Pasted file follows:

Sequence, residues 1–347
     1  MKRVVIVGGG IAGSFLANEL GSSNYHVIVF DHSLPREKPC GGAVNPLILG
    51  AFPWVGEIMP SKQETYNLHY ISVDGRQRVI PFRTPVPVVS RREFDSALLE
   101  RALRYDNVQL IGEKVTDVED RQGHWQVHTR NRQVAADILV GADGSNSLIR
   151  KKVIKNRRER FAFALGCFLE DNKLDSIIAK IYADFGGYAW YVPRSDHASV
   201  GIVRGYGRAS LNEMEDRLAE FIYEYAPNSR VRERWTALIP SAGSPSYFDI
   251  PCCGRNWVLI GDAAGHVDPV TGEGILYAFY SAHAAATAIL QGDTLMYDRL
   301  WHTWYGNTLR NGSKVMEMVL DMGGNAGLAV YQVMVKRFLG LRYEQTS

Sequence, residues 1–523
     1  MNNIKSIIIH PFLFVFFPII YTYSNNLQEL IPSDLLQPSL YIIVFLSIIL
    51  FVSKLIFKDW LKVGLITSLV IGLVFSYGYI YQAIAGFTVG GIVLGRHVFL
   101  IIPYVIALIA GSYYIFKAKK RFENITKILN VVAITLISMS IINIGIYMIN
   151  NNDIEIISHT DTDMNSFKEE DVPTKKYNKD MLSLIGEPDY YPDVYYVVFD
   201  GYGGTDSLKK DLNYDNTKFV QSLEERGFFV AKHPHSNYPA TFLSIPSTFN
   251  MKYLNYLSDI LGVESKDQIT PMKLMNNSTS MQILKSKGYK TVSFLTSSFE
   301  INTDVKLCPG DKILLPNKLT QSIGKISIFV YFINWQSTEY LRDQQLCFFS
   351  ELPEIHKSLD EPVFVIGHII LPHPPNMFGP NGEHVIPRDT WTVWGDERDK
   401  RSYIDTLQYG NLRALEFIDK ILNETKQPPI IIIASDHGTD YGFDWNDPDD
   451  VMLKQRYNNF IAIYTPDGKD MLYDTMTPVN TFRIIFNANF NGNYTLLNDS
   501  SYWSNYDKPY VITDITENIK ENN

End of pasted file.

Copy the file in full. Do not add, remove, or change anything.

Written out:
Sequence, residues 1–347
     1  MKRVVIVGGG IAGSFLANEL GSSNYHVIVF DHSLPREKPC GGAVNPLILG
    51  AFPWVGEIMP SKQETYNLHY ISVDGRQRVI PFRTPVPVVS RREFDSALLE
   101  RALRYDNVQL IGEKVTDVED RQGHWQVHTR NRQVAADILV GADGSNSLIR
   151  KKVIKNRRER FAFALGCFLE DNKLDSIIAK IYADFGGYAW YVPRSDHASV
   201  GIVRGYGRAS LNEMEDRLAE FIYEYAPNSR VRERWTALIP SAGSPSYFDI
   251  PCCGRNWVLI GDAAGHVDPV TGEGILYAFY SAHAAATAIL QGDTLMYDRL
   301  WHTWYGNTLR NGSKVMEMVL DMGGNAGLAV YQVMVKRFLG LRYEQTS

Sequence, residues 1–523
     1  MNNIKSIIIH PFLFVFFPII YTYSNNLQEL IPSDLLQPSL YIIVFLSIIL
    51  FVSKLIFKDW LKVGLITSLV IGLVFSYGYI YQAIAGFTVG GIVLGRHVFL
   101  IIPYVIALIA GSYYIFKAKK RFENITKILN VVAITLISMS IINIGIYMIN
   151  NNDIEIISHT DTDMNSFKEE DVPTKKYNKD MLSLIGEPDY YPDVYYVVFD
   201  GYGGTDSLKK DLNYDNTKFV QSLEERGFFV AKHPHSNYPA TFLSIPSTFN
   251  MKYLNYLSDI LGVESKDQIT PMKLMNNSTS MQILKSKGYK TVSFLTSSFE
   301  INTDVKLCPG DKILLPNKLT QSIGKISIFV YFINWQSTEY LRDQQLCFFS
   351  ELPEIHKSLD EPVFVIGHII LPHPPNMFGP NGEHVIPRDT WTVWGDERDK
   401  RSYIDTLQYG NLRALEFIDK ILNETKQPPI IIIASDHGTD YGFDWNDPDD
   451  VMLKQRYNNF IAIYTPDGKD MLYDTMTPVN TFRIIFNANF NGNYTLLNDS
   501  SYWSNYDKPY VITDITENIK ENN